This is a familiar challenge. American federalism has been about money and not just power from the very beginning—when, under the Funding Act of 1790, the new federal government assumed all the debt the states had incurred to help finance the American Revolution. Federal borrowing has since frequently served as a backstop for state budgets in hard times. And by now, large portions of our welfare, social-insurance, health-care, and public-education systems are run by the states but funded at least in part by the federal government.
That has often led to tensions. The states have sometimes gamed the rules to squeeze Washington for more money, and the federal government has sometimes treated states as subsidiaries rather than sovereign members of a complex federation. Wealthier states often resent sending money to poorer ones, while states with less leverage over Congress have felt put upon by those with more.
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But the breadth and depth of the disaster we are now living through mean such stresses will grow especially intense. The pandemic has hit some states harder than others, and the economic ruin unleashed by necessary economic shutdowns will fall unevenly too. Moreover, some states were better prepared for hard times, while others have long been fiscally reckless (especially regarding state-employee pension and health-care obligations) and might now see an opportunity to pass long-standing problems off as costs of the emergency.
Interstate disputes will translate into disagreements within Congress, because representation follows geography. It is already clear that such discord will complicate the next pandemic-relief bill, which is now being formulated. State governments are calling for aid, and most members of Congress are eager to provide it. But some are wary of giving their constituents’ tax dollars to states that will divert a portion of them to fill fiscal holes dug over years of irresponsible spending.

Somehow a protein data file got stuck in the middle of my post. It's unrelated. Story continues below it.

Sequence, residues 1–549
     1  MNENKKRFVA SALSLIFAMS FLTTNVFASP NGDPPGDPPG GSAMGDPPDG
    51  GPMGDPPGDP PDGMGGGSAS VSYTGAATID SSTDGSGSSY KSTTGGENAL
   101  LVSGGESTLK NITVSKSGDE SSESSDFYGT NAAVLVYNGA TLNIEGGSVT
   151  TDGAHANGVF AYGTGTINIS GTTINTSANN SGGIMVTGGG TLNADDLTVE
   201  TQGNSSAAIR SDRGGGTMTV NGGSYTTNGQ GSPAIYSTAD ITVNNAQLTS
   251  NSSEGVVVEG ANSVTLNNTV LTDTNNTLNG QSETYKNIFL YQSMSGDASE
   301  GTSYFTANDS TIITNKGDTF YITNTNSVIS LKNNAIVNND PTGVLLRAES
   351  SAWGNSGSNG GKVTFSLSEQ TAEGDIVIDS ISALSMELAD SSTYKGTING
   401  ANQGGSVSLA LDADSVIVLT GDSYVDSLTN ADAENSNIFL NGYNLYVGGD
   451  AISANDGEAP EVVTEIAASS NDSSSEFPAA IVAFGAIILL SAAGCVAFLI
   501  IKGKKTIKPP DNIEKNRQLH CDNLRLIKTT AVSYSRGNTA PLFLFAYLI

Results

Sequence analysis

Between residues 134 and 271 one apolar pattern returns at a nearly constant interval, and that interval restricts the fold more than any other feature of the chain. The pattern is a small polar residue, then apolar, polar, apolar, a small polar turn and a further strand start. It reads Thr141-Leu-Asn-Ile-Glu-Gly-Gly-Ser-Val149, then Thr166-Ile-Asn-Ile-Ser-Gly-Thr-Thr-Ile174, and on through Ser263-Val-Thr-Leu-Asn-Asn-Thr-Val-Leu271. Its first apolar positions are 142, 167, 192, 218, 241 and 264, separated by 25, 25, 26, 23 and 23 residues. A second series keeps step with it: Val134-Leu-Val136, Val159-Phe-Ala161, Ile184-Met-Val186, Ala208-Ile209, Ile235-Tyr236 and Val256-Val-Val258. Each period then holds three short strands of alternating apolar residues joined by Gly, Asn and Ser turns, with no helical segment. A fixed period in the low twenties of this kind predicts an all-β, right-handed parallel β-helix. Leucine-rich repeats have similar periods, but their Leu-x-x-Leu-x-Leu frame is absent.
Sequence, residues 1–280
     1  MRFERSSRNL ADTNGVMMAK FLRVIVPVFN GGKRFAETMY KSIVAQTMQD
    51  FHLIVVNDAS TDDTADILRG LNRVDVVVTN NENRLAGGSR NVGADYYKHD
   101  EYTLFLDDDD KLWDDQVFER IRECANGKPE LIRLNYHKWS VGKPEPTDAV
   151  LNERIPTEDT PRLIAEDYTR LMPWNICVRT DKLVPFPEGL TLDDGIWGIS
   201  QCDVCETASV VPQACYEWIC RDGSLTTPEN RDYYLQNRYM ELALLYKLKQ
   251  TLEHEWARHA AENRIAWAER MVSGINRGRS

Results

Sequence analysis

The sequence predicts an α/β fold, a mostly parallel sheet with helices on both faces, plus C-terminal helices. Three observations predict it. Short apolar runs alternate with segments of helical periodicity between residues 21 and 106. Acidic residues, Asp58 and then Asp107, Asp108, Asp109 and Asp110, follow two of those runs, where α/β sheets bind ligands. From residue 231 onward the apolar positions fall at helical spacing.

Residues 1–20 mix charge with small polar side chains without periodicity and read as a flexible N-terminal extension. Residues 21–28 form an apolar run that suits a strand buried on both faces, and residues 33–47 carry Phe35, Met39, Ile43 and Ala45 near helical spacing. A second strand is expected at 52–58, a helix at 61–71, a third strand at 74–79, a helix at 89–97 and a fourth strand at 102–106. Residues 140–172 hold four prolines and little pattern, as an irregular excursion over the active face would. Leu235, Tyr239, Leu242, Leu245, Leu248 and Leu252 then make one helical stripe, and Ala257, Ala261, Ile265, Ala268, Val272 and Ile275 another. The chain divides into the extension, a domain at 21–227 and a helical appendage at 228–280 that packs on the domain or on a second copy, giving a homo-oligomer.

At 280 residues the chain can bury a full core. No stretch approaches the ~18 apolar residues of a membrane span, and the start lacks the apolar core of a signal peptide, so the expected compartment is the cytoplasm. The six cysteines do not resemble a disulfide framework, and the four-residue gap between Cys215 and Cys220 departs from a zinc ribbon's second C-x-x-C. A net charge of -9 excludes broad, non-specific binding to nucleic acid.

They’re not wrong to worry. In late April, for instance, Illinois officials asked Congress for billions to bail out the state’s perennially underfunded pension system, presenting the request as a response to the pandemic. If such cynical opportunism succeeds, other states with pension troubles will surely follow suit. Yet concerns about such ploys shouldn’t blind Congress to its crucial role in assisting the states through the genuine pain of this national catastrophe.
To prevent disputes on this front from derailing the Phase IV bill, Congress needs to clarify some key distinctions. Members should establish three separate categories of problems to be addressed by three distinct forms of aid to the states.
First, Congress should use federal grants to cover state costs for direct pandemic response—things such as testing and tracing, hospital and health-system needs, and public-health infrastructure. This is a national emergency, and the federal government’s far greater capacity to borrow means it should assume the direct costs involved. For the same reason, Congress should also consider providing some help to reinforce state unemployment trust funds, as the American Enterprise Institute’s Matt Weidinger has argued.